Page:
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Blackmagic Design acquires Teranex Systems Inc., in a strategic move to complement their own efforts for providing extremely high quality image processing for broadcast, feature film and high end post production needs, with plans to simplify the Teranex product line and release the VC-100 broadcast image processor.
Blackmagic Design President Dan May
On the heels of acquiring of the Orlando, FL-based Teranex
, Blackmagic Design
has announced that it plans to focus that company's product line. "They had a couple of different hardware flavors and then would sell software modules that would go along with the hardware," explains Blackmagic Design president Dan May. "You could build out something for $90,000 -- or start with a $15,000 solution all the way up through $30,000 or $50,000 solutions."
Instead, Blackmagic Design will now release Teranex's VC-100 broadcast image processor complete with all the software, for a list price of $20,000. For the customer who came in at the lowest price level possible, that's a bit of a price jump. "But most people were buying at least the $30,000 version of it," says May. "We can't turn this into a $500 card. It's still a premium product. Now, here's a great Windows operating system-based product that we can bring down to a simplified product and still have the whole Teranex line-up of software."
"No two customers had the same thing in the previous Teranex line-up," he adds. "Now, one skew, one product, $20,000." For customers who bought in at the higher level, May notes that they can now quite affordably add VC-100 systems. And for those that bought at the mid-range, he notes that they'll have software that didn't come with the original product. "We want to be considerate with what people have, but we also have to build a business with models that are proven to work," says May, who notes that any existing customers of Teranex VC80 and VC100 models can upgrade to the full software feature set for $3,000.
With regard to moving Teranex to a new business model, May explains what needs to be done. "Teranex had factories and contract manufacturers and gear being built to order," he says. "That's not how Blackmagic Design functions. Rather than making 50 models, we'll make five with all the features, so we can sell thousands of each model rather than a few of each. At Blackmagic Design, it's always been about simplifying the product line."
Prior to the acqusition, Ternanex, which made its name in extremely high quality image processing, offered broadcast image processor products with options for very high quality de-interlace, up conversion, down conversion, SD and HD cross conversion, SD and HD standards conversion, automatic cadence detection and removal even with edited content, noise reduction, adjustable scaling, aspect ratio conversion and smart aspect ratio 4:3 to 16:9 conversion, all with timecode and multi-channel audio conversion. The 3D toolkit added 3D camera alignment, 3D dual channel conversions and patent-pending 3D simulation.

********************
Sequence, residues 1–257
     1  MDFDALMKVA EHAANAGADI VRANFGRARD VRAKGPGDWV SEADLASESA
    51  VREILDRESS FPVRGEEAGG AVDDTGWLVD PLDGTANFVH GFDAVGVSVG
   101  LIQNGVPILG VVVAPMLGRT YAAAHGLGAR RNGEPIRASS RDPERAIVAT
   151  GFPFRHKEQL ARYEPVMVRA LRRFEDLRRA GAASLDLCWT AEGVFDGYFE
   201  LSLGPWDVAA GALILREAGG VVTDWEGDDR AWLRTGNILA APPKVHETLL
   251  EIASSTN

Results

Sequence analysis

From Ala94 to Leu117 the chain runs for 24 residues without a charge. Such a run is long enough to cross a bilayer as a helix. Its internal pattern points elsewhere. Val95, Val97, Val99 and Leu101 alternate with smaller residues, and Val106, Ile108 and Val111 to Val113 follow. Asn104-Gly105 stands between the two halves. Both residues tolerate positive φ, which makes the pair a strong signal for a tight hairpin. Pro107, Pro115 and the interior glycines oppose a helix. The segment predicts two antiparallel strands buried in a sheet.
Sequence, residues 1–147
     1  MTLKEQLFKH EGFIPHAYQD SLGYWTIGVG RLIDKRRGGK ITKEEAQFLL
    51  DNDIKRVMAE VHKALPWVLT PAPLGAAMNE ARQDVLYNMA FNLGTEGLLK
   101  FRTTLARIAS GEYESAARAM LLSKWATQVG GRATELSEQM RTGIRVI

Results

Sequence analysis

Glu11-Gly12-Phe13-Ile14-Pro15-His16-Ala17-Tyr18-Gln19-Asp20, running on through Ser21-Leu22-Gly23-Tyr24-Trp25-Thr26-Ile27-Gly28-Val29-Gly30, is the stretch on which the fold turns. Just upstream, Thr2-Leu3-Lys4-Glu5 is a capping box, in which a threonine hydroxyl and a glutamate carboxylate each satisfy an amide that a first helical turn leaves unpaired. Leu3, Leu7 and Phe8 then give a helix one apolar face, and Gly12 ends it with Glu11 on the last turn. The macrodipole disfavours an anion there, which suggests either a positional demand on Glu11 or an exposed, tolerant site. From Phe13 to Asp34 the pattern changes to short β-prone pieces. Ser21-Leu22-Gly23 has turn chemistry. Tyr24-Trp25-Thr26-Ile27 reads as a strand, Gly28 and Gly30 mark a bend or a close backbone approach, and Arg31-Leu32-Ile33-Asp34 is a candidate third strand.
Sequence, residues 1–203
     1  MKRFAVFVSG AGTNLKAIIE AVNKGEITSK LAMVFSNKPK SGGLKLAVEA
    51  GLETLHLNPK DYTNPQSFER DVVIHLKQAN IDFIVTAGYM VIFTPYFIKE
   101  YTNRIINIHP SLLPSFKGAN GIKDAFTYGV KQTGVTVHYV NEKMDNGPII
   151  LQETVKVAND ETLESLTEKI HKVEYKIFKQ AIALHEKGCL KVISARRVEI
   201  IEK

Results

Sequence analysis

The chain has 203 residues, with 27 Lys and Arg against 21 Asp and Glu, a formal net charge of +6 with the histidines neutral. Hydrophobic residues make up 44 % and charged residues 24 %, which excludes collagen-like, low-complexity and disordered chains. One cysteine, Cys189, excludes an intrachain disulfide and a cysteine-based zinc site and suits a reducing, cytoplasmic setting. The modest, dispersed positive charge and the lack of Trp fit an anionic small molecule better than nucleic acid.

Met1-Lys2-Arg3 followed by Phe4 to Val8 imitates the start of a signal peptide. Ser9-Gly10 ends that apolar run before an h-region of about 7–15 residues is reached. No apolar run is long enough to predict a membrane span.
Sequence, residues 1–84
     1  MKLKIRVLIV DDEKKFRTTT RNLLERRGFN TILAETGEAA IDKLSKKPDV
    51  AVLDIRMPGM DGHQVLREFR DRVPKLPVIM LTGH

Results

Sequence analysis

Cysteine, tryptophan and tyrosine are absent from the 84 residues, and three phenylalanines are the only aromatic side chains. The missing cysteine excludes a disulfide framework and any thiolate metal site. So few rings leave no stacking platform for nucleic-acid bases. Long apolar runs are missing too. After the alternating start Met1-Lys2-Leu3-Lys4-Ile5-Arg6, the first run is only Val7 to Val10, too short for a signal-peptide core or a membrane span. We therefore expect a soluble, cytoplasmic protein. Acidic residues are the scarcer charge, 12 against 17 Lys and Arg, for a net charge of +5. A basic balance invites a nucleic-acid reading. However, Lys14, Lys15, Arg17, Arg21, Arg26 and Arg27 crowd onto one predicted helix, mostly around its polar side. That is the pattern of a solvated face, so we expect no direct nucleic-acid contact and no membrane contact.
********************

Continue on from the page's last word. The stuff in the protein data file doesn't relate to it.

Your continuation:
Teranex's VC-100 broadcast image processor (Top angle view). Please click on image above for larger view.
May points out that Blackmagic Design's acquisition of Teranex was logical given each company's strengths. "The least surprising acquisition we've made is Teranex," he says. "Other acquisitions we've done have been about accelerating a target on a roadmap, like switchers, or, with da Vinci Resolve, taking the business in an entirely new direction. Teranex's technology fits right into the markets we currently serve and have been growing. We knew there was a lot of potential to take this technology and see what we could do with it."
Simplifying the Teranex product line to the fully loaded VC-100 is just part of the plan. Teranex got its start as a Lockheed Martin project to develop real-time video processing for the U.S. military. Over the course of the company's near-30 year history, it was granted 34 patents for technologies it developed, including a SIMD array processor to execute sophisticated algorithms in real time.
Teranex's VC-100 broadcast image processor. Please click on image above for larger view.
"The greatest part was finding that the company was a good group of people with a good vision," says May. "We've been able to keep that whole team together. The brain trust was maintained. Now we're going to merge its brain trust with Blackmagic Design and continue to keep customers happy."
The intellectual property ownership of 34 patents also won't go to waste. "It's a very scientific technology that they bring to the table," he says. "Now we've retained this great engineering talent and their technology."
How to develop that intellectual property ownership will take some time, says May. "Because there are all those patents, we have lots of ideas and will have to figure out what to do with them," he says. "We don't have answers to that now. It's definitely going to be an exciting addition for us." May predicts that we'll start seeing the fruits of the blend of two companies' brain trusts a year from now, in early 2013.
May is right that Blackmagic Design's acquisition of Teranex was an obvious move. With that company's deep history in managing a wide range of high-end conversions, Blackmagic Design has its work cut out for it deciding how best to leverage all those patents. That's a good problem to have in today's market. It's a likely bet that, as May points out, Blackmagic Design will find ways to work those technologies into both its current product line-up and -who knows? - new products that can help complete its ecosystem.